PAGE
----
Dan Jones’s Wolves of Winter follows from his first novel, Essex Dogs, which tracked the vicissitudes of the titular Dogs, a group of English blokes rampaging around France during the reign of King Edward III. Jones is a historian by trade, and so the setting and context are meticulously researched. If you want to know how to load an early form of cannon, you’ll find out here.
Peering into the past is a complicated business, especially far into the pre-modern era, although we do have lots of documentary evidence. It can be hard to remember that those knights and ladies were people just like us, with tempers, frailties and habits. It is the job of historical fiction to render these unknowable people in accessible terms, while it remains impossible to write a faithful account of any given period — our own preconceptions tend to creep in.
And so it is with Wolves of Winter, which, like Jones’s historical nonfiction, focuses on the brutality of those long past times, and yet has a contemporary feel, with influences as diverse as Bernard Cornwell and Game of Thrones (interestingly itself influenced by the historical Wars of the Roses: history and fiction melt into one another until they become indistinguishable). And Wolves of Winter is indeed a kind of fantasy.
The Essex Dogs, led by world-weary soldier Loveday FitzTalbot, are now at the siege of Calais, in the aftermath of the battle of Crécy in 1346: the English are besieging the French. Loveday’s crew includes a large Scotsman who likes nothing better than drinking and fighting, and a young boy called Romford who eats hallucinogenic drugs. Characters swear, piss and tug their pintles as if they were boozed-up laborers on a Saturday night — and that’s just the women. You almost expect them to pick a fight and then vomit on your shoes.
Jones confidently evokes the whorehouses, the illnesses, the death and depravity, the horrible smells of the public jakes and of burning flesh. His historical worldview is bleak. As in Adam Roberts’s The Black Prince, which told the story of Edward III’s glamorous son with an eye for the period’s gruesome detail, in Wolves of Winter the conventions of chivalry are a convenient lie to mask the true horrors of war. Remove the helmets and the fine language, and underneath are mewling and puking men out only for themselves.
Loveday does have a sense of loyalty, both to his ragtag crew and to his overlord. He has lost two of his crew members, and he’s in a bind: nobody will pay him the money he’s owed, and the obligation to pay shifts eventually to the Queen of England herself (“a duck with tits,” in one character’s memorable observation), which means it will be harder to obtain. Edward III is a distant figure; his noblemen are as cussed and hard-bitten as the Essex Dogs. Even the Black Prince, known to us as the flower of chivalry, is recast as a psychopath who has a homosexual dalliance with Romford. When the prince sees Romford in a brothel, he beats the boy’s head into the ground until he’s unconscious.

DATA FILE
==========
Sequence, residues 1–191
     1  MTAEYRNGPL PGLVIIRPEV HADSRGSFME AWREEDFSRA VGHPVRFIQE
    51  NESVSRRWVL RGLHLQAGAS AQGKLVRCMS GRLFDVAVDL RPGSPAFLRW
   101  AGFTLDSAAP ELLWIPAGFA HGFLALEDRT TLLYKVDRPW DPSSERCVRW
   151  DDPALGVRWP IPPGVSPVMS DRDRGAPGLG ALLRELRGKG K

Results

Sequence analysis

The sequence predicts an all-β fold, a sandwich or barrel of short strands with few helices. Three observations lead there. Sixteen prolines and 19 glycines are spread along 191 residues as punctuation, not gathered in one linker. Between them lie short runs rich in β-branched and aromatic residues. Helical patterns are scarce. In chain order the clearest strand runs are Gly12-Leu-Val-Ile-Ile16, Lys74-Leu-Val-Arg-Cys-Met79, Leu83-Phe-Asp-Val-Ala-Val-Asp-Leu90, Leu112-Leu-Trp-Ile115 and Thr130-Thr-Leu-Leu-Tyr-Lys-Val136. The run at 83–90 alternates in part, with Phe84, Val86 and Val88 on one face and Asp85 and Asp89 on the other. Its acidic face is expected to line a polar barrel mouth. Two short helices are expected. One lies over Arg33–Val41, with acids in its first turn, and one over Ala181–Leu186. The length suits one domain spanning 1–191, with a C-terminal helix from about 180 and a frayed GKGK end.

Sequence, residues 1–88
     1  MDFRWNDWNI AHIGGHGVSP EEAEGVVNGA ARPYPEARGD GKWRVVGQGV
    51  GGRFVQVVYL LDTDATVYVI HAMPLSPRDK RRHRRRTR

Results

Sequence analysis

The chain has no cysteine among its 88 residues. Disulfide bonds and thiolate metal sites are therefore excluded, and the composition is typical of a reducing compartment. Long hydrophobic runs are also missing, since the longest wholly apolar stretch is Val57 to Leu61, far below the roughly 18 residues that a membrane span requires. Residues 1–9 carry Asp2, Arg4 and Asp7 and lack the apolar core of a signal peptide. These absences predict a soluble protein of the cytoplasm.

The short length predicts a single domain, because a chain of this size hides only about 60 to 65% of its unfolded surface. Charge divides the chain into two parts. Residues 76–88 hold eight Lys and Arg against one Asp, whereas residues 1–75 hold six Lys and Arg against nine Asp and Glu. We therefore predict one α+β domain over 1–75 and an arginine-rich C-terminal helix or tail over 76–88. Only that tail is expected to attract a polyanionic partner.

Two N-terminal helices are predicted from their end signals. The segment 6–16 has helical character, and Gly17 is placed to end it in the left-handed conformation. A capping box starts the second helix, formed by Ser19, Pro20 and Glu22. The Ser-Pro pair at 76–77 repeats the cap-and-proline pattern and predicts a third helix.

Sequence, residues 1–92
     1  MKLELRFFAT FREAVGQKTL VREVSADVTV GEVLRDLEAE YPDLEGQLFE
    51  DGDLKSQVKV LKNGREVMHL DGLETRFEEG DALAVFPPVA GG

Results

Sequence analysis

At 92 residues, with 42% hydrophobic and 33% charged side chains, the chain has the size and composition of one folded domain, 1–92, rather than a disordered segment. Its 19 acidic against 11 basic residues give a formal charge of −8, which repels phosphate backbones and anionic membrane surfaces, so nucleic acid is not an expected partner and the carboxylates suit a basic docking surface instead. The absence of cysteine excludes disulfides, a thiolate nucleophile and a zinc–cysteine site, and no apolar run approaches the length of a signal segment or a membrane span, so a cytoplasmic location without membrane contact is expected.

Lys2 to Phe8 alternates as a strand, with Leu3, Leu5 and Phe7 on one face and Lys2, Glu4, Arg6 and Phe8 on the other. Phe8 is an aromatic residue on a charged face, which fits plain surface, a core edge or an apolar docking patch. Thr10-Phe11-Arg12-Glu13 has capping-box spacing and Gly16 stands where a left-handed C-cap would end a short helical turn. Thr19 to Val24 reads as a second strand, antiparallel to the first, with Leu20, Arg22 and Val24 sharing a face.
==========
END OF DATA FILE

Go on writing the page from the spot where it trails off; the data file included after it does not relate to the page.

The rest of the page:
Despite viewing humanity as animalistic —man is very much a wolf to man here— nobody questions the social hierarchies: the Queen of England, along with other nobles, casts a spell over the rank and file, who muck in and get stuck in with a fart, a belch and a dogged stoicism.
Everybody in the novel is cynical; nobody can say anything without shoving in a “fuck” or a “cunt” or two, in dialogue aimed toward an eventual dankly lit television adaptation. On one page spread: “We’re in a fucking war. And a shite war at that.” “God save my arse and bollocks”; “Jesus Christ nailed to a fucking maypole”; “Christ’s whiskers.” And so forth. (I have made a list of the things that happen to Christ, should anyone wish to see it.) There is no room for God. Romford’s father was hurled “from the top of a tower by a mad bishop.” Jones does not hold back, as when a blokeish woman called Hircent desecrates a church in the foulest and profanest manner possible.
Loveday and Romford provide the backbone of the plot, when Loveday’s tender feelings for his charge lead him to send Romford back to England; the plan, however, goes wrong, ending in gore worthy of a butcher’s shop. Meanwhile, Loveday enters upon the attack on Calais with gusto. Jones’s writing is cinematic and vivid, bringing his readers right into the fray as Loveday teeters on a ladder, is missed by boiling oil and advances alone upon two men at arms.
Like Bernard Cornwell, Jones is dealing with male escapism, although where Cornwell offers us deskbound weaklings a vision of ourselves as musclebound warriors swiving and slaying with the best, Jones has us bound by fate and circumstance, simply striving for the next drink or the next whore. Get those beers down you, lads, we’ve got a fucking city to burn.
This article was originally published in The Spectator’s January 2024 World edition.